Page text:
“We want to ensure with the forms we send out with the language we use that it feels inclusive to those bringing multiple identities that intersect to our buildings every day,” Leyko said. 

Despite this effort, students expressed a lack of information about the school’s equity initiatives

“I knew that we had a new director of equity but I didn’t know specifically of all the initiatives,” said Co-president of Black Student Union Olivia Perry (12).

Person in yellow dress
Courtesy Photo Klaudia Burton, Photo Credit Dylan Lees from Eli

Similarly, Perry voiced concern that students were not adequately represented on the team.

“I hope that POC students and students with different backgrounds can be included more when it comes to decision making,” Perry said. “Because how can you really know how to change a school to help students who, you know, have, have, have systemic challenges.”

 About 72 percent of students responded to the form that Sanchez rolled out in the “Trojan Talk” initiative and were appreciative of the opportunity to share their pronouns and thoughts with their teachers. 

But while Perry said a form is a start, she believes it can only go so far in making true equitable change in the high school and district.

“[Becoming an equitable district] is going to take a while, and it’s going to be a lot of change that needs to be made—especially since the school believes, or believed in the past, that we as a school have had a lot of equity and equality. But a lot of us students of color did not feel that way,” Perry said.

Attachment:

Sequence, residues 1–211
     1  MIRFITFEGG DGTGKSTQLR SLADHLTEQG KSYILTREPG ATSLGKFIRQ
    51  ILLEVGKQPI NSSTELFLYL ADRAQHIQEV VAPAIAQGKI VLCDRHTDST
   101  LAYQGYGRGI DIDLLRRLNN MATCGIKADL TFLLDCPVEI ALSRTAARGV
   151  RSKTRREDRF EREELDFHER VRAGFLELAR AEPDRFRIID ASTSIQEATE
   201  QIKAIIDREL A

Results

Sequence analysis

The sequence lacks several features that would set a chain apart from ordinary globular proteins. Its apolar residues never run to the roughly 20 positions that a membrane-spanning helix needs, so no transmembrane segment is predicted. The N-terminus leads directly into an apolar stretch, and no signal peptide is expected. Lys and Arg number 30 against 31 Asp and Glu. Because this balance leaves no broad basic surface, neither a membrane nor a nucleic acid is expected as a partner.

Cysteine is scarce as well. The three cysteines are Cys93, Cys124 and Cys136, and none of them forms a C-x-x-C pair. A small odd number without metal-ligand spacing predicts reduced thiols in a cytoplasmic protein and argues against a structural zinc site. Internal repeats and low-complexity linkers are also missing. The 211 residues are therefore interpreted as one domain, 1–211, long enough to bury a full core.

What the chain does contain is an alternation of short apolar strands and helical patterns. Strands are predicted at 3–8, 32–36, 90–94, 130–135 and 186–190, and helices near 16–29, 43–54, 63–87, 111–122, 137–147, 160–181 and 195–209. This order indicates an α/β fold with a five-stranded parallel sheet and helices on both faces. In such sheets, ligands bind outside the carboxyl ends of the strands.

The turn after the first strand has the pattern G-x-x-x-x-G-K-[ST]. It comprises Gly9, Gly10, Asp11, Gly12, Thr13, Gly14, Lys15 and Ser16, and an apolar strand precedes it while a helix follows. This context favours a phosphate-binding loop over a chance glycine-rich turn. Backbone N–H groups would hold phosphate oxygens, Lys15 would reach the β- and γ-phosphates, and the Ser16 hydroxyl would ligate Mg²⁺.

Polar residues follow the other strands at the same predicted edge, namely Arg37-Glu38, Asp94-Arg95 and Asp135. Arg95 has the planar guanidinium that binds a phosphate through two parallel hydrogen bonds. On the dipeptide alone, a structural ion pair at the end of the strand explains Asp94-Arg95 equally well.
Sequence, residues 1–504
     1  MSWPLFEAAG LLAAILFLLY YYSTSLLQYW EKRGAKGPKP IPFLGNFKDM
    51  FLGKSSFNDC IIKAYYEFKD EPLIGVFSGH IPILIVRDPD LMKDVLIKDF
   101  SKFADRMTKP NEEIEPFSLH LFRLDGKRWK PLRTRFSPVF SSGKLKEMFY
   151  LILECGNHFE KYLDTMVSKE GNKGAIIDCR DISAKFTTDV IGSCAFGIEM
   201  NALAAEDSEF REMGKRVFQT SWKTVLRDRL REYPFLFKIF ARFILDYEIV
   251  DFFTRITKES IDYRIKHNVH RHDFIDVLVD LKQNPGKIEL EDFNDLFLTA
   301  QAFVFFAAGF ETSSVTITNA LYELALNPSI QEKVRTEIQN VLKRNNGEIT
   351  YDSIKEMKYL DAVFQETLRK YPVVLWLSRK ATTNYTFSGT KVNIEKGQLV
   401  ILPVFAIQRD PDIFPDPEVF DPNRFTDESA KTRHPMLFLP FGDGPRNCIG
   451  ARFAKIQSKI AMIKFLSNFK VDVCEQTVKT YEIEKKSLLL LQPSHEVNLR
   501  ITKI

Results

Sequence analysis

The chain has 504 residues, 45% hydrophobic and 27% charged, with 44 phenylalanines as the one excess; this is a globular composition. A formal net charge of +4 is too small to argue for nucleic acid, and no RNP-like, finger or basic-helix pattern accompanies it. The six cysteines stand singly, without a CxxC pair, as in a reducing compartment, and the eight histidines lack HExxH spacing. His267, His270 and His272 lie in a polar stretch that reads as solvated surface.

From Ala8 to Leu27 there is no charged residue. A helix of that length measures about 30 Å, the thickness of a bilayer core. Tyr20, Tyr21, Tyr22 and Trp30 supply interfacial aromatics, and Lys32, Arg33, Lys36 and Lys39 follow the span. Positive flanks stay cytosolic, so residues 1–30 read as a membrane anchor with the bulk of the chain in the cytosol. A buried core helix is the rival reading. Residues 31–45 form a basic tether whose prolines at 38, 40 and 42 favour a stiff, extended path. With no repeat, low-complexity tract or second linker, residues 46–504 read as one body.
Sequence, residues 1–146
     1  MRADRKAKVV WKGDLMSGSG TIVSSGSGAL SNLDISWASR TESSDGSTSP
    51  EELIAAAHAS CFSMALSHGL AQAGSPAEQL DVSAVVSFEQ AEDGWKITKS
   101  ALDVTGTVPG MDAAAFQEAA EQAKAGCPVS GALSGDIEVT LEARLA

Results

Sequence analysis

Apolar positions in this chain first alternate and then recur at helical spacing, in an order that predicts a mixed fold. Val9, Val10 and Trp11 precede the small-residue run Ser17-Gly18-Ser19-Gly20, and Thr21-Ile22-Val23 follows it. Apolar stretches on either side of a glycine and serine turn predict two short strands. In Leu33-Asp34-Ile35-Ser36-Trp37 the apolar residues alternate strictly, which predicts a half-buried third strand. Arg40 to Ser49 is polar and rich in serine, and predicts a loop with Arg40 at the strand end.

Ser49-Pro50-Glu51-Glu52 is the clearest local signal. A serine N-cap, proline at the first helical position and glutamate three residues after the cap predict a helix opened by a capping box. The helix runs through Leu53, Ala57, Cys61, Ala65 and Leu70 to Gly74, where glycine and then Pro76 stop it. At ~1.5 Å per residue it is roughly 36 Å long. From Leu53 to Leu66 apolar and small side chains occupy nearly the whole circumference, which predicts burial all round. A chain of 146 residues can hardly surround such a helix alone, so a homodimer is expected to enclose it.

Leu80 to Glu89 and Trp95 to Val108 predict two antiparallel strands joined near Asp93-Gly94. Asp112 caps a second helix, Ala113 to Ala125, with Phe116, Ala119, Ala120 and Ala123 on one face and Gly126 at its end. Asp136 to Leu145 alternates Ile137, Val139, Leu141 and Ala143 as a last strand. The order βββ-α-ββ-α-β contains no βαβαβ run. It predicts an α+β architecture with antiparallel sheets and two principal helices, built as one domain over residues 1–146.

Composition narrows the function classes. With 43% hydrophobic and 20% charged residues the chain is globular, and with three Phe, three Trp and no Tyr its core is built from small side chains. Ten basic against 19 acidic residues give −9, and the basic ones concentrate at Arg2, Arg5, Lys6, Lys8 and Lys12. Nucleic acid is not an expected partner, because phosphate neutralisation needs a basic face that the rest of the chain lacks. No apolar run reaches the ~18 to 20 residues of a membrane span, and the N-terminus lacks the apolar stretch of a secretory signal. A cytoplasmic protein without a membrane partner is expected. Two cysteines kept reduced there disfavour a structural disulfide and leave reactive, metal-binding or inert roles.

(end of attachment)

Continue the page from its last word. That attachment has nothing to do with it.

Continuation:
Throughout her education, Perry has noticed similar problems. From the beginning of ninth grade, Perry has always seen a lack of equity in the school. She said she has had to teach her teachers about issues affecting black students and students of color and noticed fewer students of color in her advanced classes.

“I would like to see teachers who have a more of more of an understanding of [students of color],” Perry said.

Even with the rocky past, Perry expressed hope for the future, especially with Burton serving as the new director of equity and social justice.

“As she will start to settle into this position a lot of goodwill

come from it,” Perry said. “She is definitely making a mark in the school.”

Burton is also excited about the future.

“I’m super excited to be in this position, it’s a weird place to be. I will say that I think that East Lansing is doing a tremendous job and was doing a tremendous job before I got this position,” Burton said 

Ultimately Burton’s main goal is to work towards making people feel supported and safe in their school community.

“We’re committed to making sure that our students have equitable practices and places to be in their buildings so that they feel seen and they feel celebrated,” Burton said.